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I am running xampp which has Apache on windows for a dev server. I need to use a subdomain of localhost to access my localhost/images/ folder by going to h##p://images.localhost

However I am having trouble, I have posted an image below showing my problem.

So the question is how to you setup a subdomain on Apache and actually have it work for a folder like I need?

Please view this image, sorry new users can't post more then 1 url and NO images so here is my 1 url to an important image

http://www.freeimagehosting.net/uploads/b0194b8e68.jpg

UPDATED VERSION

My apache conf file

NameVirtualHost localhost:8080

<VirtualHost localhost:8080>
   ServerName localhost
   ServerAdmin blah@blah.com
   DocumentRoot c:\server\htdocs
</VirtualHost>

<VirtualHost images.localhost:8080>
   ServerName images.localhost
   ServerAdmin blah@blah.com
   DocumentRoot c:\server\htdocs\images
</VirtualHost>


My windows host file

127.0.0.1 images.localhost
127.0.0.1 *.localhost
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6 Answers

up vote 1 down vote accepted

The problem, as far as I understand Apache virtual hosting anyway, is that you're using a catch-all in your Virtual hosts config and using a mutual DocumentRoot, rather than explicitly defining each VHost's name and DocumentRoot:

*:8080 is your base NameVirtualHost setting.

This will catch all requests to :8080, and it will redirect all requests to the virtual host that matches the directive.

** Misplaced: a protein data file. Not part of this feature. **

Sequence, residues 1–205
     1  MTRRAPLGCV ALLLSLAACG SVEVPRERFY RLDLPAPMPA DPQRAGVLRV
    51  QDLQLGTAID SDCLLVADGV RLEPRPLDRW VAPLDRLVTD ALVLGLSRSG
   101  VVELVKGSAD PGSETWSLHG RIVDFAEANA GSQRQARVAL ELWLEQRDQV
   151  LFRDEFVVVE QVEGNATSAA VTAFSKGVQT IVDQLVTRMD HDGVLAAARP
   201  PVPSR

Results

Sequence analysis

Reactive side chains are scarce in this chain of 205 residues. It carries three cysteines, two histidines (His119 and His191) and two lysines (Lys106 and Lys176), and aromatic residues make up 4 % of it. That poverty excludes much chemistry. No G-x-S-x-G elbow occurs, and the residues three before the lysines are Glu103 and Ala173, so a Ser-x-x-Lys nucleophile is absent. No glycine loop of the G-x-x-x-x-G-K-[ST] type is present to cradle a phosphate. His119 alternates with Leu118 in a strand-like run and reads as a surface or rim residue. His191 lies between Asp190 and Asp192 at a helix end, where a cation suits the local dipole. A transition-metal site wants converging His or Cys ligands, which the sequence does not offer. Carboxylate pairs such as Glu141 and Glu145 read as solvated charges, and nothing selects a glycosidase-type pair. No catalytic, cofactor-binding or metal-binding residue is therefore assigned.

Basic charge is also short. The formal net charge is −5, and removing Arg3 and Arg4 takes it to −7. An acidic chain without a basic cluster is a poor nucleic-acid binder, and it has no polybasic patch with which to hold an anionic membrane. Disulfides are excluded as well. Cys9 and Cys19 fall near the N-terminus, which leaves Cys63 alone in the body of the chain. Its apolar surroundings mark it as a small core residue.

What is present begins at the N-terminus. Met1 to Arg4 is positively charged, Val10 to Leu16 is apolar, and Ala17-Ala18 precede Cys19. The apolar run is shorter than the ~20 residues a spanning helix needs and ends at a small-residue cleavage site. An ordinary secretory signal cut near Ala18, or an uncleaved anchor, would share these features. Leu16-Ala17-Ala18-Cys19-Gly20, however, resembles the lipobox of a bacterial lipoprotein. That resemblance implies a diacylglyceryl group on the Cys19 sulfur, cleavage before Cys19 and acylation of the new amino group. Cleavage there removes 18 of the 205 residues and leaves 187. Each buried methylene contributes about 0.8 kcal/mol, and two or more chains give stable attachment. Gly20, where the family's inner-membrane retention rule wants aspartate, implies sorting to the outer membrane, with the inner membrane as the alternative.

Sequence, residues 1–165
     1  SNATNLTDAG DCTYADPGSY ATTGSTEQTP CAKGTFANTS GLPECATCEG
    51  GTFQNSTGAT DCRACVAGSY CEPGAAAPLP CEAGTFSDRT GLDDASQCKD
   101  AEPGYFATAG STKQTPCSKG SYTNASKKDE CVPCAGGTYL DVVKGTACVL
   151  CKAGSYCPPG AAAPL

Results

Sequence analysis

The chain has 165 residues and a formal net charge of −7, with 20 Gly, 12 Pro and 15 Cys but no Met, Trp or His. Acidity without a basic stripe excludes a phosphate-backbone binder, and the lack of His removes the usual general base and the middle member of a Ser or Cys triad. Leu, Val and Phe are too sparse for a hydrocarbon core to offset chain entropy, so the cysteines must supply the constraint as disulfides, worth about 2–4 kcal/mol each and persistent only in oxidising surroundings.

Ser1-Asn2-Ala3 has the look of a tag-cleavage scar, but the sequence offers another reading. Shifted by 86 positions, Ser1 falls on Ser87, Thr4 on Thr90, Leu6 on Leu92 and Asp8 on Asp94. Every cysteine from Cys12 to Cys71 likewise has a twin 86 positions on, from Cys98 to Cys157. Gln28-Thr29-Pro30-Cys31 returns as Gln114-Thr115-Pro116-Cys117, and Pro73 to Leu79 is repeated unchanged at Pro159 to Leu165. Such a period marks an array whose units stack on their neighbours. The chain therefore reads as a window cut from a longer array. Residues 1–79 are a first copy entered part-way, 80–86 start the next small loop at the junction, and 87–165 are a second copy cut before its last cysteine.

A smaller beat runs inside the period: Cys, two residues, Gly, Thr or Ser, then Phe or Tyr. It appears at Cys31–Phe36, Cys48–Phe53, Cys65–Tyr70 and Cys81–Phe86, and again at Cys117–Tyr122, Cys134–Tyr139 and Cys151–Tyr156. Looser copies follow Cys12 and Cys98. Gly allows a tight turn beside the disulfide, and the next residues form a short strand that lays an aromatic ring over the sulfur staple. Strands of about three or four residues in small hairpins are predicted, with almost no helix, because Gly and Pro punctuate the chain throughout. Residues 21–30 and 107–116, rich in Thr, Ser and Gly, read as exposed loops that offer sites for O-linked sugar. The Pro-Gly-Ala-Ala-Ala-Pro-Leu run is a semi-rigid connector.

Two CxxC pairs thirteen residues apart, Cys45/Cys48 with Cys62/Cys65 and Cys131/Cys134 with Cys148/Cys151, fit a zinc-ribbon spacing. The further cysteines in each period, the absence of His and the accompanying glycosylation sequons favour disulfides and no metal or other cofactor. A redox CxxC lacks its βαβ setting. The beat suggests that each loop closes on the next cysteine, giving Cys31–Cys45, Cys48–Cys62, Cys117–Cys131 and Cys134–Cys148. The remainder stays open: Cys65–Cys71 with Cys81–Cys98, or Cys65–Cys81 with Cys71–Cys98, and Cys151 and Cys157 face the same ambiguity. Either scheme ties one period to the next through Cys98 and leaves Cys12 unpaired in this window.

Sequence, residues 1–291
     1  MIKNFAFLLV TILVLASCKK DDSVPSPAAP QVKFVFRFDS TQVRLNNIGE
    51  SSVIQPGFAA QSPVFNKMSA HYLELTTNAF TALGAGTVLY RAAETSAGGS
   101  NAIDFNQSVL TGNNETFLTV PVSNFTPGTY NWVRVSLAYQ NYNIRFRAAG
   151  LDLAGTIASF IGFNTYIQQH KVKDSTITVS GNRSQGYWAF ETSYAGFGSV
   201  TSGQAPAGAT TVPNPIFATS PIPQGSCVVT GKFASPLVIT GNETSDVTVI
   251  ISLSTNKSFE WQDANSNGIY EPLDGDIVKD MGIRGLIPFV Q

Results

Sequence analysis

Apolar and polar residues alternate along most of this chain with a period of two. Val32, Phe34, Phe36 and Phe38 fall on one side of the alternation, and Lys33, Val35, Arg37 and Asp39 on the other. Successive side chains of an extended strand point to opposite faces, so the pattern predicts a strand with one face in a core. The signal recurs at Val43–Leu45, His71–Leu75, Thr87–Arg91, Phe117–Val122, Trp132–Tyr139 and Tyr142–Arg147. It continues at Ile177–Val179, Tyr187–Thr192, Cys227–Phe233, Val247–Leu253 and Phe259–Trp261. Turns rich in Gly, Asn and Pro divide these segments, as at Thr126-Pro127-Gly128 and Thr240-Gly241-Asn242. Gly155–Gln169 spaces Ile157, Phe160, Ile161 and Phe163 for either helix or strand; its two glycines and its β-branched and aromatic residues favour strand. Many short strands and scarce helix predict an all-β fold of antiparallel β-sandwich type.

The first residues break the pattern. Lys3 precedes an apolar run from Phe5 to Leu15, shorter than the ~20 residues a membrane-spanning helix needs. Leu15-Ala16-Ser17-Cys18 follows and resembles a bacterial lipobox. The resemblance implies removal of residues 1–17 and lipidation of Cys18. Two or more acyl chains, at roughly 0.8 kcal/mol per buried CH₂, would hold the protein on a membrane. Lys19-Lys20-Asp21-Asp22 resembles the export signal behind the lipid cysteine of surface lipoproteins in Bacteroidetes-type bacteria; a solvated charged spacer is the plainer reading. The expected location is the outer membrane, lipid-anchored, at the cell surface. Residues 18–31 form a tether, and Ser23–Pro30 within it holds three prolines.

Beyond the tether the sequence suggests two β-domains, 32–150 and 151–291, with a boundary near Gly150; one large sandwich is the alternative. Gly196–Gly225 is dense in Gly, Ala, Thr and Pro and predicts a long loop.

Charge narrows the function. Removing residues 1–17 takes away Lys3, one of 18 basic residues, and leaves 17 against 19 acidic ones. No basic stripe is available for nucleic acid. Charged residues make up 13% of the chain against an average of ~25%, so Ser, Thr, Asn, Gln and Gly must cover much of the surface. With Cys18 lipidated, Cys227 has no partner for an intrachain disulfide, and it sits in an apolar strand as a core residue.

It becomes problematic when you have two Vhost directives that are named the same thing, and one of the directive's DocumentRoot matches the server's DocumentRoot. If there is no "Overriding" DocumentRoot that the server has separately, then Apache will evaluate each Vhost's DocumentRoot, finding the "Occam's Razor" of the values it encounters if multiple Vhost's share a root path.

In this case ...\htdocs is the DocumentRoot for both, because ...\images is contained within ...\htdocs. Thus any requests will automatically default to the Vhost that offers only ...\htdocs as its DocumentRoot.

I realize that was a bit confusing, so to fix this: Switch to name based virtual hosting.

UPDATE (2009-08-25)
There's something I need to clarify before we move on:

Apache and other web servers never listen on :8080 by default. Also, web clients like Firefox never make a request to :8080 by default. I assumed that you understood that from your original post, since your VHost directive showed a non-standard port of :8080. Now, I'm not so sure that was clear.

In order for the previous revision of my post to have worked for you as it was setup (without port 80 redirects or what have you), you would need to specify the port when requesting a page:

http://localhost:8080 and http://images.localhost:8080

I should have included that information. As I said, I assumed that was clear from your original post. My apologies for that. By extension, I also assumed you were setting it up this way because another server was listening on port 80. If that's true, then you might consider combining the two servers into one setup, or turn off the alternate while you do your work with xampp.

So, let's correct the VHost directives to listen to port 80, which is the default port that pages are served from, and requested from, by servers and clients respectively.

I'm also going to get anal retentive about defining the localized permissions for the folders that you're serving data from, since I'm worried that there is a / Directive that is munging your ability to get pages from your sites.